The Wars for Viet Nam

Senator Long of Louisiana (D. – La.) discusses the War in Vietnam with General Maxwell Taylor 1966 Senate Foreign Relations Committee – Hearings Eighty-ninth Congress, Second session January 28; February 4, 8, 10, 17, and 18, 1966

SUPPLEMENTAL FOREIGN ASSISTANCE FISCAL YEAR 1966 – VIETNAM

U.S. Government Printing Office Washington : 1966

pp. 516 - 518

“ . . . Senator LONG. General, I have here our treaty – we signed the treaty, we signed the protocol agreeing to help protect these people. Here is an act of Congress. I admit two Senators voted against it – one of them is a member of this committee who has never changed his mind from that day to this.

Senator MORSE. Proud of it.

Senator LONG. Here is an act of Congress that says we regard this as falling within that SEATO treaty. We have reported the matter to the Security Council. The Congress does not want to have the first thing to do with it. And here I quote from the opinion by the most outstanding teachers of international law in America, 20 of them. They all say everything we are doing is completely legal and the way it ought to be.

We have fought the war in Korea, with you a general in charge of the whole Army over there, without a declaration of war at all. But in this case we told the Congress what we were going to do. The Communists attacked us. We fought back just as the treaty obligated us to do. We reported the matter to the United Nations. We sent our troops in. And our allies who signed the treaty, many of them sent their troops in. We passed an act of Congress that says that here is the treaty, here is the act, and here is the act of aggression, and we now agree in compliance with this treaty this is what we ought to do.

Now, it may be that I can’t convince one Senator – but I would be willing to put this to any section of the American Bar Association, even though they don’t specialize in this, and I have no doubt whatever that what we are doing is exactly what it ought to be.

Let me ask a question. Do you think we are the international bad guy or the international good guy? What is your opinion on that?

General TAYLOR. I hope we are the international good guys. We certainly intend to be.

DIVISIONS FIGHTING IN VIETNAM

Senator LONG. Well – General, may I ask this. Of course, I started out this morning discussing some of the units that were fighting for this country overseas. I think in honor to those men I should not leave out these divisions. They are fighting for our country, to uphold our obligation to uphold freedom in Vietnam.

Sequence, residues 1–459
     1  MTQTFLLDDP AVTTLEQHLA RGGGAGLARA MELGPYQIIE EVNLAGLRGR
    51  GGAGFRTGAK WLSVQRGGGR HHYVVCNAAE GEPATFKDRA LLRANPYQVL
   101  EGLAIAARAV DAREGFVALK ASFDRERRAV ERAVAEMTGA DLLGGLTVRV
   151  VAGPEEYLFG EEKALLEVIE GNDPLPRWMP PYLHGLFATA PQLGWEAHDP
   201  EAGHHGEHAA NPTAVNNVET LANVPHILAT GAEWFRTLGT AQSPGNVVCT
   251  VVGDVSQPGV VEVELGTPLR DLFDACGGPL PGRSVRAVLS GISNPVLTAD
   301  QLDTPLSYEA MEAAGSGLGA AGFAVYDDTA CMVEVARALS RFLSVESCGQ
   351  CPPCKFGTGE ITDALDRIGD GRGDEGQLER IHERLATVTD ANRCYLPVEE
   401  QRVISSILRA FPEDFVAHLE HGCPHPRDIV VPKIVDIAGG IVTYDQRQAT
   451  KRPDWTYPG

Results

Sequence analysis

One is the 3d Marine Amphibious Force, which is composed of the 3d Marine Division, major elements of the 1st Marine Division, and the 1st Marine Aircraft Wing, plus supporting elements, a total of 40, 000 men.

None of these units listed have ever suffered defeat in combat with enemy forces. They might have perhaps lost some men with a little patrol, but no major elements of these units has ever been defeated by the enemy in the history of the United States of America. As you know, they are a very old outfit.

General TAYLOR. That goes for the 101st Airborne.

Senator LONG. In the Army, the 1st Cavalry Airmobile, the 1st Infantry Division, a very old outfit—the 173d Air Borne Brigade, the 1st Brigade of 101 –that is your old outfit, General, the 101st Airborne Division. Certain major elements of the 25th Infantry Division. None of these units listed has ever suffered defeat in combat with enemy forces.

General TAYLOR. They are all proud historic units, Senator, and they are displaying, on the battlefield in South Vietnam, the same qualities they have in other wars.

Senator LONG. I heard --I hope before this is over we will have a chance to hear from the mouth of General Westmoreland -- that this is man for man the finest Army that the United States ever put into combat with anybody, and that they are the best equipped Army the United States ever put into combat.

Now, you made the statement, General, and there has been some question about it, that the Communists say that they defeated the French at Paris, not Dien Bien Phu, because when these boys were surrounded and cut off, the French Government would not draft Frenchmen to send in to save these boys.